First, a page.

- Reverend Thrasher’s Ghost
- The Oak Level Witch
- The John Bachman House
- An Everlasting Faint- The Greenbrier Ghost
- Kingsport’s Woman in Black
- The Moon Ghost
- Two Drops of Blood
- Esserville’s Banshee Rock
- The Tall Soldier of Indian Creek
- The Squeaking Door
- The Infamous Bostian Bridge
- The House of Ghostly Music
- The Mine’s Vengeful Wraith
- The Haunted Brothel
- Cleveland’s Bleeding Mausoleum
- The Featherbed Ghost
- The Ford Devil in Stanley Valley
- The Wizard of Abingdon
- The Woman in the Shack
An old southwest Virginia mine operator visited a historic tavern in Richmond. He loved the hustle and modern life in the city. It was the 1890s and he was well into his golden years. He ordered a drink and soon curious regulars directed the conversation to life in the mines. The story he told brought the tavern to silence.
He befriended two immigrant miners when he was young, an Irishman named Barney, and an Englishman named Bob. The two were new to America, but developed a strong friendship while they worked in the same stretch of mine. Regardless of their differences, they became best friends.
Unfortunately, Bob and Barney fell in love with the same girl. They were always civil towards each other, but the conflict strained their friendship. Like all love triangles, it came to an end when he girl chose Barney as her beloved. Bob quietly walked away and nothing more was said. The two never openly fought or argued, but coworkers noticed a subtle change between them. Bob grew more impatient and hostile towards Barney.
Time passed and most of their coworkers were certain Bob’s reserved English acrimony had faded. Weeks passed and the tense relationship returned to normal. One day, Bob bolted from the mouth of their mine. He yelled about a horrible accident. The workers rushed to where the two had labored. The Irishman was crushed beneath a massive pile of rubble.
No one suspected anything, at first. Rock slides were an occupational hazard in the mine. The miners pulled Barney’s body out and wiped the dust from it, but something was wrong. He had a strange, deep wound in his forehead. It was nothing like the typical injuries sustained from falling rock. Whispers began immediately, and so did talk of how strange it was the Englishman didn’t have a single bruise from such a slide. Usually, the rocks fell too quickly for anyone to fully escape.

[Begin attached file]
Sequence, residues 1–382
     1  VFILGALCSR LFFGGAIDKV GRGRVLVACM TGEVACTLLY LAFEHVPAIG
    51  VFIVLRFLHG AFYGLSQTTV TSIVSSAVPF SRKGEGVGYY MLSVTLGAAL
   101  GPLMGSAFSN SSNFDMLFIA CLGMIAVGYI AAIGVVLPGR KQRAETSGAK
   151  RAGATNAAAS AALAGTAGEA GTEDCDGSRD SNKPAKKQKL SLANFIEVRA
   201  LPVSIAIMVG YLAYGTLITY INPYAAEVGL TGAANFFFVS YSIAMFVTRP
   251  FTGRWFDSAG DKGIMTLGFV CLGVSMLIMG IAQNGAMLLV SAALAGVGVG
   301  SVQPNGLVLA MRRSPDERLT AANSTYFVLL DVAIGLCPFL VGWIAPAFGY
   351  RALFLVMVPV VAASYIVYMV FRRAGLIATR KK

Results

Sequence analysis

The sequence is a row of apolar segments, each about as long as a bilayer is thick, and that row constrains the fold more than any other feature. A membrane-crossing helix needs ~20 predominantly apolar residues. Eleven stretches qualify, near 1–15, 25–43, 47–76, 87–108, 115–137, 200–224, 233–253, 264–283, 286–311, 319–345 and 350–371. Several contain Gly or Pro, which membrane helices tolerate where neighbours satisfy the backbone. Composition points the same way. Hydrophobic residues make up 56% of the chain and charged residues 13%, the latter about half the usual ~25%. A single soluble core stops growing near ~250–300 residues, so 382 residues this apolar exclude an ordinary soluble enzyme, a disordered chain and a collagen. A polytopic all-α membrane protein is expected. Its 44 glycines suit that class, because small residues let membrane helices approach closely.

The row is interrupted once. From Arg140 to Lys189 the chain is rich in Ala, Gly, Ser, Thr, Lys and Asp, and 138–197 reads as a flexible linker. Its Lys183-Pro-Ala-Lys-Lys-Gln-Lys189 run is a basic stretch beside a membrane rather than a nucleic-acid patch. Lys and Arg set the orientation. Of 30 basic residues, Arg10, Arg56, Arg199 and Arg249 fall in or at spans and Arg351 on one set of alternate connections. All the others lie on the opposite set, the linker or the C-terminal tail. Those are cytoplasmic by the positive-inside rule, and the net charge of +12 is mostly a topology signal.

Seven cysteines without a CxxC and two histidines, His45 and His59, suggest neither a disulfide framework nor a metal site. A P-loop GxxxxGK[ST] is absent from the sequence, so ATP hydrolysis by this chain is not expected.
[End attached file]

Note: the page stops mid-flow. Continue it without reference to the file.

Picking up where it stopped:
The death, deemed “accidental,” initiated a chain reaction. Many of the mine’s regular workers quit that day. They declared the death was suspicious and something terrible would happen because of it. Many believed Barney was dead before the rocks ever fell on him. They suspected divine retribution was on its way.
The tavern storyteller claimed to be one of the men who remained with the company after Barney’s death. The Englishman changed afterward. He developed an intense fear of that particular spot in the mine. Bob went everywhere the company assigned him, but hesitated when it came to that particular spot. He told everyone he couldn’t take the grief of losing such a dear friend.
A month eventually passed and the Englishman was placed in another part of the mine, with a new group of men. This new group worked much deeper in the mine, and their work required torchlight.
Work proceeded as usual for a few days, but soon after a gust of wind snuffed the flames. One brave soul volunteered to get the replacement light, so the rest of the group waited in the darkness. Several workers grew steadily apprehensive. The wind wasn’t natural. Something was wrong with it. It was absolutely frigid, and much stronger than what they normally encountered so deep within the earth. They suffered in silence. Even the most frightened still held onto their pride.
Bob claimed he saw a light just down the tunnel, but no one else could see it. He said a man walked in the corridor ahead with a torch. He said he would go light his torch and took off.
His coworkers didn’t like it. A few followed him from a distance. They still didn’t see any indication of the man he mentioned. The mining company operated bituminous mines, which meant frequent open shafts in the ground. The miners didn’t want him to fall. A few seconds later, they halted. The Englishman screamed and begged Barney to be merciful. They heard another shriek and seconds later, a tremendous splash in deep water.
The miner who’d first gone to retrieve light came running when he heard the screams. The group of men reached the spot where Bob had been, on the cusp of a deep shaft. They looked down into the test-hole. Bob floated in the dark water with a large and bloody gash on his forehead, just like the one Barney had. They also noticed a bloody pickaxe lay across the hole from them.
From that point on, Bob’s spirit wandered that portion of the mine until the company closed its mining operations forever.